For the first time, telescopes observe a planeta 10 times heavier than Jupiter being swalloed by a star at 12,000 light-years of distance.
Researchers spotted the event some 12,000 light-years away in the constellation Aquila while searching for the fireworks associated with stellar mergers. The relatively minor cataclysm, which flared only 1/1000th as brightly as a binary star merger, could open a whole new field of study, researchers say.
Astrophysicists have long known that when a Sun-like star runs out of fuel, it becomes a red giant, big enough to engulf any close-orbiting planets. The growth occurs when a star exhausts the hydrogen fuel in its core and the fusion reactions that make the star shine spread outward in search of more fuel, swelling the star’s outer layers. That means the Sun will eventually envelop Earth and the other rocky planets—although it won’t happen for another 5 billion years.
Such an event had never been seen—until now. In May 2020, Kishalay De, an astronomer at the Massachusetts Institute of Technology, and colleagues were studying data from the Zwicky Transient Facility, an optical survey telescope at the Palomar Observatory in California. They were on the lookout for the characteristic brightening of a merging of two stars, known as a red nova. Instead, the researchers found something much more mysterious.
One star—later dubbed ZTF SLRN-2020—grew 100 times brighter over the course of 10 days before slowly fading. Unsure what it was, the team obtained the star’s spectrum—a breakdown of its brightness across different wavelengths—from one of the giant W.M. Keck Observatory telescopes in Hawaii. The merger of two stars typically produces lots of superhot hydrogen and helium, which leaves bright emission lines in the spectrum, but these were missing. Instead, the researchers saw emissions from much cooler molecular gases, not the sort of thing they would expect from the merger of stars.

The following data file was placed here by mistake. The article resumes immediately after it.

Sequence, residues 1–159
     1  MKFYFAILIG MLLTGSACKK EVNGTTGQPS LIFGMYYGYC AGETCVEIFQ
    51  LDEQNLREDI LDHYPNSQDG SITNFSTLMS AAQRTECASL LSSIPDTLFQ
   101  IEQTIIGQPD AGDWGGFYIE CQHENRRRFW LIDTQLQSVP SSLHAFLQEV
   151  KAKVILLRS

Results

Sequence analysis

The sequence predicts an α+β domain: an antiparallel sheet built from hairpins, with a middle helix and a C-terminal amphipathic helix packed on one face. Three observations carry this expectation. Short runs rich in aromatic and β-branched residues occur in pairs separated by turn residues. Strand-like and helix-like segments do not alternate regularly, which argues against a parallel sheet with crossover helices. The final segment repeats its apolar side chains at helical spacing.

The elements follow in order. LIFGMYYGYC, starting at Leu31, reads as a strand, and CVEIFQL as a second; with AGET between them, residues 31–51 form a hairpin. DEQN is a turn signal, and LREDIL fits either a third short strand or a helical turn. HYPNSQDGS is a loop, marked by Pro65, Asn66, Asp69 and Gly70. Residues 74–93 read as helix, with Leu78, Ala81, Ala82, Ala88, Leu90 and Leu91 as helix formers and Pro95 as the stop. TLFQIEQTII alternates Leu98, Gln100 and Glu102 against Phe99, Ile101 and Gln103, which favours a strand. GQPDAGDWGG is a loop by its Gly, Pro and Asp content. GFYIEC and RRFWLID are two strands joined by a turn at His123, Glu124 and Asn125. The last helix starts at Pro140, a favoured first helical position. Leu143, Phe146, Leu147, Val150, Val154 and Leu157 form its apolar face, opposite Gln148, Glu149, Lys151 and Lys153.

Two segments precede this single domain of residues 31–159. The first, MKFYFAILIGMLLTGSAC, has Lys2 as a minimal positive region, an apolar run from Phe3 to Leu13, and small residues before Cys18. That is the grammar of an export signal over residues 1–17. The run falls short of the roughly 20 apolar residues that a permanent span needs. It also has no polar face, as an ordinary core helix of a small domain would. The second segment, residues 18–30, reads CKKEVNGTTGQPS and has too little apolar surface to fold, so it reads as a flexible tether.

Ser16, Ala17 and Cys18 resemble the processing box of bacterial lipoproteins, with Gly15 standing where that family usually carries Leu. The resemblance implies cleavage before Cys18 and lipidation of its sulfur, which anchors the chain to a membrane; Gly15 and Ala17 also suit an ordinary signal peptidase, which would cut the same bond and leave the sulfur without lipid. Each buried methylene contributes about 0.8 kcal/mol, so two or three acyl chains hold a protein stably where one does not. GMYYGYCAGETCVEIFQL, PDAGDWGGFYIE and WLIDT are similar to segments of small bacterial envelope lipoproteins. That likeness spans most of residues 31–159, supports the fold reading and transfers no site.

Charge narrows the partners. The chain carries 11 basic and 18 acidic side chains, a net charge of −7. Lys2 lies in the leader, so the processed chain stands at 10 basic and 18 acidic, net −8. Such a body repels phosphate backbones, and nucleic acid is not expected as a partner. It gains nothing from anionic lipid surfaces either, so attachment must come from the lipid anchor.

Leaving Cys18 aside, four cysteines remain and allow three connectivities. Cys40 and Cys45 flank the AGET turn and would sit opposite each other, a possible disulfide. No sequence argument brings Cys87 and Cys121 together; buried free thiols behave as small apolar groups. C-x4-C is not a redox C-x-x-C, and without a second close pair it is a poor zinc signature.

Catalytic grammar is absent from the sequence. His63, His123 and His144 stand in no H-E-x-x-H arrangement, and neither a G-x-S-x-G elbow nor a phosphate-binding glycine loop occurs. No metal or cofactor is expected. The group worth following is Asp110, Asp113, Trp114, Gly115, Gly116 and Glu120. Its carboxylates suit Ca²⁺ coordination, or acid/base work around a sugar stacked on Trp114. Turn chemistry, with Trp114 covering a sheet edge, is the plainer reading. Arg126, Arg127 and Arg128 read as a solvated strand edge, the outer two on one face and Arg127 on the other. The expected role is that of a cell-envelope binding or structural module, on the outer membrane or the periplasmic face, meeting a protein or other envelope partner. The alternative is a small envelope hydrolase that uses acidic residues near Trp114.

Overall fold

ZTF SLRN-2020 remained a puzzle until a year later, when the team analyzed its spectrum at infrared wavelengths with Palomar’s Hale Telescope and found that it was still astonishingly bright. Looking back in archives, they saw that it began to brighten in the infrared some 7 months before the sudden optical flare they’d originally discovered. Slowly, a picture began to emerge.
As the star swelled, a companion object began to rub up against its outer layers, heating them up and causing them to brighten in the infrared. The friction would also have degraded the companion’s orbit until it plummeted into the star. That dive would inject a lot of gravitational energy into the star, puffing it up so that it flared brightly at optical wavelengths. As it cooled and shrank again over the following months—so that the optical flash faded—some stellar material was left behind as a veil of glowing dust, which explains the long-lived infrared brightness.
Although the evolution and spectra of the event resembled a binary star merger, its dimness pointed to a star-planet merger instead. The star merged with something 1/1000th of a star’s mass, the researchers report today in Nature. That would make it a planet roughly the size of Jupiter.